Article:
Energy consumption remains a concern for machinery operators, meaning energy recovery systems, where possible, are of great interest and active heave systems present one of the best opportunities for energy recovery.

There are three active heave compensation systems which are used throughout the offshore and marine industry; primary, rotary and linear. All of which have different characteristics.

Primary active heave compensation systems use a classic closed loop flow coupled system generally best suited to a single winch type application of up to 30 tonnes. Energy recovery is possible electronically via the electric motors back into the ship’s system. The main advantages of this primary system are lower investment costs and the compact construction that takes up minimum deck space. Moreover, the concept is so simple that its benefits extend to installation and maintenance. The system has standard functionalities that make it possible to position the load at the required destination safely via different modes.

Linear active heave compensation systems use hydraulic cylinders and are most often used for large engineered lifts for subsea fabrications. They are commonly used with an existing standard winch to create an active heave system, however, it is not possible to recover energy with this system.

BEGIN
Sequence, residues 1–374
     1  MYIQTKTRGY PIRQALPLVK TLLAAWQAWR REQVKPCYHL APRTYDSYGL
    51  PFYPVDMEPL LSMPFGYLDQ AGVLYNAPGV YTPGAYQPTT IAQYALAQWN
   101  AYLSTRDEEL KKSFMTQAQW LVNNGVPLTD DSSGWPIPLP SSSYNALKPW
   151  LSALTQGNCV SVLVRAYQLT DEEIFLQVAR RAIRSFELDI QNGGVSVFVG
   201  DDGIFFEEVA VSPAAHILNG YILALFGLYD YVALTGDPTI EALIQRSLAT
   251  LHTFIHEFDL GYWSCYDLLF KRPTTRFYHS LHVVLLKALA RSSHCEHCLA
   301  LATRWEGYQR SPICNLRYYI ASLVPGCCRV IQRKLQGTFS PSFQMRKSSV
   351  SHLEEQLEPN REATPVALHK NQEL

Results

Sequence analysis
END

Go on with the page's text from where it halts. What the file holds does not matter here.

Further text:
The most widely used system, and which can generate the most energy savings, is the rotary active heave compensation system. This system uses a pressure coupled system in conjunction with secondary controlled drive units, which work as both a motor and generator. These components power the active heave system so that the load hangs idle to the drilling rig or the seabed. So when the vessel moves upwards, the cable is paid out and when it comes down again, the cable is hauled in. This makes it possible to position loads accurately and safely and gives the ship personnel the ability to continue working safely, even in difficult sea conditions.

This is achieved by measuring the movement with motion reference unit acceleration sensors, load cells and position control devices such as encoders. The data is relayed to the main controller that uses the information to accurately control hydraulic motors or hydraulic cylinders and usually using a variable swash plate piston pump or proportional valves.

Driving out cost